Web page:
He organized Dust Bowlers and migrant farm workers in California's oppressive agricultural labor camps. In 1939, he became the manager of the U.S. Department of Agriculture's Arvin Migratory Labor Camp near Bakersfield, the same camp John Steinbeck visited and drew on to write The Grapes of Wrath. (It was at the Arvin camp that Ross met Woody Guthrie, who was touring the camps to support union drives.) Ross was the only camp manager of 29 camps in California who challenged the accepted practice of racial segregation and agitated for the workers to run the camps themselves.
During the Second World War, when the federal government imprisoned Japanese Americans in concentration camps amid the anti-Japanese hysteria of the war period, Ross worked with the War Relocation Authority, helping thousands of residents get jobs and housing so they could get out of the camps. He helped challenge the discriminatory practices of employers against Japanese workers.
After the war, Ross spearheaded eight Civic Unity Leagues in California's conservative Citrus Belt, bringing Mexican Americans and African Americans together to battle segregation in schools, skating rinks and movie theatres. Through voter registration drives and community organizing, Ross organized parents to fight the practice of segregation in local schools. In 1946, the U.S. Court of Appeals ruled that the segregation of Mexican and Mexican American students into separate "Mexican schools" was unconstitutional, leading to the landmark legal victory, Mendez, et al v. Westminster School District. It set the precedent that foreshadowed the Supreme Court's 1954 Brown vs. Board of Education ruling, overturning legal segregation in American schools.
In 1947, Saul Alinsky hired Ross to helped build a community organization in the Latino barrio of East Los Angeles. Ross eventually helped form chapters of the Community Service Organization (CSO), a civil rights and civic improvement group, in a number of cities in California and Arizona. The founding leaders of the CSO included members of the steelworkers, clothing workers, meat cutters, and other unions. They formed the core of CSO's early leadership who built a powerful coalition that included the NAACP, the Japanese American Citizens League, the Catholic Church, and the Jewish community. Together they fought for fair housing, employment and working conditions.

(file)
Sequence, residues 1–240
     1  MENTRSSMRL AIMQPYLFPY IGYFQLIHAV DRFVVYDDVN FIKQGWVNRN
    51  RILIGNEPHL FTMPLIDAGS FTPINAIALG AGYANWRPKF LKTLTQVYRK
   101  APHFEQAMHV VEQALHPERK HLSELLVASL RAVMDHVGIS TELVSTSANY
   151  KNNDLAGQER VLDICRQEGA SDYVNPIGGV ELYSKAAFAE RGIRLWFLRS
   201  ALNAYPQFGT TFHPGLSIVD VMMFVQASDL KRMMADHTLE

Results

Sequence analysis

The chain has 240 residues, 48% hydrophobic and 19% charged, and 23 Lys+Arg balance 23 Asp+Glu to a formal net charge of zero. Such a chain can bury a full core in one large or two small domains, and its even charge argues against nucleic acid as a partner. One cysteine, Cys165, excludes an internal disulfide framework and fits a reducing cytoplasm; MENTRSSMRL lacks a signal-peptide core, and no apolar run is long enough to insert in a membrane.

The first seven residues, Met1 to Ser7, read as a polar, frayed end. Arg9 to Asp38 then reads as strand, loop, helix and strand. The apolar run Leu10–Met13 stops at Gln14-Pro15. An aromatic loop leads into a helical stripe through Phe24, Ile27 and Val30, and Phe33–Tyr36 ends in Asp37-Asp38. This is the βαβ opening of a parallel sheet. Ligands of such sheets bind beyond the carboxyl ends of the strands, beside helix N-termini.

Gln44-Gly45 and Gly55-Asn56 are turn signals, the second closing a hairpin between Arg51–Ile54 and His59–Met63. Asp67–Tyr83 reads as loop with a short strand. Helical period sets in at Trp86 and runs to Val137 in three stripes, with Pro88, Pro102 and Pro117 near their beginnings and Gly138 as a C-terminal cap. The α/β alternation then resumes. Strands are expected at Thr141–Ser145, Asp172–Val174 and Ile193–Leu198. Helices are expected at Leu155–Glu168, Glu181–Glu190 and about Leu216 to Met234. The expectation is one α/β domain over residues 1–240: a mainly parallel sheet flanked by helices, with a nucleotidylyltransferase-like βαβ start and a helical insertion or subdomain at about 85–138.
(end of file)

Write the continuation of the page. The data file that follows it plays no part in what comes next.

One of CSO's biggest victories came in the wake of a severe beating of seven men (five of them Latinos) by Los Angeles police on December 25, 1951, known as "Bloody Christmas," leaving the victims with broken bones and ruptured organs. Pressure from CSO forced the LA Police Department—which routinely harassed and abused blacks and Latinos—to investigate the incident. The CSO helped build the case against the abusive cops by documenting complaints and keeping up public pressure in the media. This eventually resulted in the unprecedented indictment of eight police officers—the first grand jury indictments of LAPD officers and the first criminal convictions for use of excessive force in the department's history. In addition, the LAPD suspended thirty-nine cops and transferred another fifty-four officers.
It was through his work with CSO that Ross encountered and trained many of the individuals who went on to play important roles in American political and civic life. In 1949, after building a powerful voter registration effort among Latinos and whites—adding 14,000 new voters—the CSO helped elect one of its leaders, Ed Roybal, to the L.A. City Council, the first Hispanic elected to that body. In 1962, Roybal was the first Latino from California elected to Congress, where he served with distinction for 30 years.
In 1952, while Ross was building the CSO chapter in San Jose, a public health nurse told him about Cesar Chavez, a young Navy veteran who lived with his wife in a barrio known as Sal Si Puedes ("Get Out If You Can"). Chavez at first avoided Ross, thinking he was just another white social worker or sociologist curious about barrio residents' exotic habits. But he finally agreed to meet with Ross, who trained Chavez (who eventually become CSO's statewide director) as well as a young teacher named Dolores Huerta, and Gilbert Padilla, a spotter in a dry cleaning establishment. In the 1960s, this trio joined forces to build the United Farm Workers (UFW) union.